• Board President (2010, 2013)

Read more about Ken Yeager

John Linder

John Lindner

  • Franklin-McKinley School Board (2004-2018)
Jamie McLeod

Jamie McLeod

  • Santa Clara City Council (2004-2012)
Evan Low

Evan Low

  • Campbell City Council (2006-2014)
  • Mayor (2010, 2014)
  • California State Assembly (2014-present)
Rich Waterman

Rich Waterman

  • Campbell City Council (2010-2014, 2016-2020)
  • Mayor (2014, 2019)
jordan eldridge.profile

Jordan Eldridge

  • Rancho Rinconada Recreation and Park District Board Member (2010-2014, 2019-2020)
Dennis Chiu

Dennis Chiu

  • El Camino Hospital Board (2012-2017)
Chris Clark

Chris Clark

  • Mountain View City Council (2012-2020)
  • Mayor (2014)
Omar Torres

Omar Torres

  • Franklin-McKinley School Board (2014-2018)
  • Trustee, San Jose/Evergreen Valley Community College District (2021-present)
Rene Spring

Rene Spring

  • Morgan Hill City Council (2016-present)
Shay Franco-Clausen

Shay Franco-Clausen

  • Santa Clara Valley Open Space Authority (2017-present)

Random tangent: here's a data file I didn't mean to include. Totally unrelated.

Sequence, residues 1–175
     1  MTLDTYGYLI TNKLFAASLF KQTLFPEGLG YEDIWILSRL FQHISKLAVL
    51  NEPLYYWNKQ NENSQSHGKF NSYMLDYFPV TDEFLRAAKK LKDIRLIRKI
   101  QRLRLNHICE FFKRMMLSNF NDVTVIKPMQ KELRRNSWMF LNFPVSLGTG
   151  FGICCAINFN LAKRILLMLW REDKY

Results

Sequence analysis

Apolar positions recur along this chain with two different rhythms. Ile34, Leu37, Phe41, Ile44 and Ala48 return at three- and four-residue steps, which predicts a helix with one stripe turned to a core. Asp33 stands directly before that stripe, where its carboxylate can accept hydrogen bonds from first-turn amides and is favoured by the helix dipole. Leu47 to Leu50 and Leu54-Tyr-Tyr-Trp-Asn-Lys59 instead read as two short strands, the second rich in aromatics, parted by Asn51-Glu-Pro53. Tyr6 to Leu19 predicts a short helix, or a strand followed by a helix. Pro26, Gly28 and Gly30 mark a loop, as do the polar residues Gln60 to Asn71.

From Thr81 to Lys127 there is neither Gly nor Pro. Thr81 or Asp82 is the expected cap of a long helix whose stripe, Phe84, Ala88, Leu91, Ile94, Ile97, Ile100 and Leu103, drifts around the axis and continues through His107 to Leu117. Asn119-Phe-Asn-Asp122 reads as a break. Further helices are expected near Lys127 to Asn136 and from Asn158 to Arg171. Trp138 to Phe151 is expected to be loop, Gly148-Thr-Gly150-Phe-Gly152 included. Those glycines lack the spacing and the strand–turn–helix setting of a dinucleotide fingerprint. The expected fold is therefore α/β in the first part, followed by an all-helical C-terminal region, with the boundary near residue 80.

john laird profile

John Laird

  • Santa Cruz City Council (1983-1990)
  • Mayor, Santa Cruz (1984, 1988)
  • Cabrillo College Board of Trustees (1995-2002)
  • California State Assembly (2003-2008)
  • California State Senate (2021-present)

Read more about John Laird

Jorge Pacheco Jr.

Jorge Pacheco Jr.

  • Oak Grove School District Board (2018-present)

Read about the Oak Grove Trio

alex lee for assembly

Alex Lee

  • California State Assembly (2021-present)

anthony becker santa clara

Anthony Becker

  • Councilmember, Santa Clara (2021-present)
ivan rosales montes

Ivan Rosales Montes

  • Trustee, Morgan Hill Unified School District (2021-present)

Jesus Salazar

  • Trustee, Luther Burbank School District (2021-present)
beija gonzalez

Beija Gonzalez

  • Trustee, Oak Grove School District (2021-present)

Read about the Oak Grove Trio

carla hernandez

Carla Hernández

  • Trustee, Oak Grove School District (2021-present)

Read about the Oak Grove Trio